How to become a visiting scholar at the IRH-ICUB
Visiting scholars are researchers from other institutions who are caring out their research projects, supported by external funds, at the IRH-ICUB. The duration of the stay is ranging from several weeks to several months.
If you want to become a visiting scholar of the IRH-ICUB, please send us a research proposal and a CV.
2016 – 2017
Andrei Mărăşoiu (15 June – 10 August 2017) is a PhD student in Philosophy at the University of Virginia, and a fellow of the Jefferson Scholars Foundation. Andrei also received an MA in Neurophilosophy from Georgia State University (2013) and one in the History and Philosophy of Science from the University of Bucharest (2010). Andrei’s dissertation project is about what it is to understand something. This is a topic at the crossroads of the metaphysics of mind, epistemology, and the philosophy of science. Given his background, Andrei pursues his project on understanding with an eye to finding points of contact between the philosophy of mind and cognitive science. He is especially interested in what impact conscious experiences of understanding (so-called “Aha!” moments) have for our knowledge, and how they are grounded in skilled, attentive, and reflective problem-solving. Andrei will be presenting part of his research at the Aristotelian Society (in July) and the Eastern APA meeting (January 2018).
Giulia Lasagni (15 September 2016 – 14 September 2017) is pursuing her PhD in Philosophy at the University of Parma (Italy). Her research is focused on the idea of shared agency and the way in which the contemporary debate in Social Ontology has considered the notions of group agent, collective intentionality and practice. In order to develop her project, she was visiting (August 2015 – April 2016) at the Columbia University in the City of New York and attended a doctoral course in Social Theory at the New School for Social Research (NYC). She is a member of the editorial board of I Quaderni della Ginestra and La Società degli Individui.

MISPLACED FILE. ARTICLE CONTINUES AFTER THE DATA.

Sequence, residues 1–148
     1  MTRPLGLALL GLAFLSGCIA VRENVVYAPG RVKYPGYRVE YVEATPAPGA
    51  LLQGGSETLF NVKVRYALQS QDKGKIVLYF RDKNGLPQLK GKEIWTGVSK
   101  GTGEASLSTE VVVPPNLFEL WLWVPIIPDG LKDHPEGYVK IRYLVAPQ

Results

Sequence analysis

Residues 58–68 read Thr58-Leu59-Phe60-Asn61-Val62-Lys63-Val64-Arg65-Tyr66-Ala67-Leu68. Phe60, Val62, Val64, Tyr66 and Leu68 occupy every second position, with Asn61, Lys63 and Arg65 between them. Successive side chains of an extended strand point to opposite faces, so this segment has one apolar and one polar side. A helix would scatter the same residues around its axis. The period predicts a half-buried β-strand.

2015 – 2016
Cristina Plamadeala (July 2016) is pursuing a joint PhD Humanities at Concordia University (Montreal) and in Philosophy at the L’École des hautes études en sciences sociales (Paris). Her dissertation concerns the ways, the reasons, motives, ways and degrees in which people became collaborators and opponents of the Romanian communist State. Prior to her doctoral studies, she has also worked for several American institutions, as well as Canadian think tanks that specialize in public policy research.
Michael Deckard (October 2015 – January 2016) is Associate Professor of Philosophy at Lenoir-Rhyne University in Hickory, NC. His specialty is in History of Modern Philosophy and Aesthetics. He has taught courses in history of philosophy (ancient, medieval, and modern), historical and environmental aesthetics, ethics, social and political philosophy, philosophy of religion, hermeneutics and phenomenology, applied ethics (particularly medical ethics and the ethics of war and peace), Native American philosophy, and history and philosophy of science. He is program coordinator of the Philosophy Department at Lenoir-Rhyne, serves on the Ethics Advisory Council at the Catawba Valley Medical Center and is a Board member for Exodus Homes, a halfway house for men and women who are transitioning from prison back into mainstream society. He is a Fulbright Scholar at the Institute for Research in the Humanities at the University of Bucharest for 2015-2016.
Adrian Currie (October – December 2015) is currently a postdoctoral fellow at the University of Calgary’s philosophy department, and is visiting the Institute for Research in the Humanities until the end of December. His main research focus is the epistemic situation and status of the so-called ‘historical sciences’ (paleontology, archaeology, etc…). Accounts of historical evidence typically suggest an epistemic pessimism about our capacity to uncover the past by emphasizing the degradation of evidence: over time, the past’s signal decays. And yet, the historical sciences have proven extremely successful at discovering and explaining the past. Adrian argues this tension is resolved once we realize that historical evidence is richer than earlier accounts allow for. He emphasizes the ‘methodological omnivory’ of historical science: in investigating the past, scientists are opportunistic, employing a diverse array of targeted epistemic tools. In addition to this focus, Adrian has also worked on issues in the philosophy of biology, such as the nature of homology and homoplasy as well as species concepts, and in the philosophy of science more generally – particularly on the nature of, and relationship between, experiments, observations and models. For papers and further information visit his website at https://sites.google.com/site/adrianmitchellcurrie/.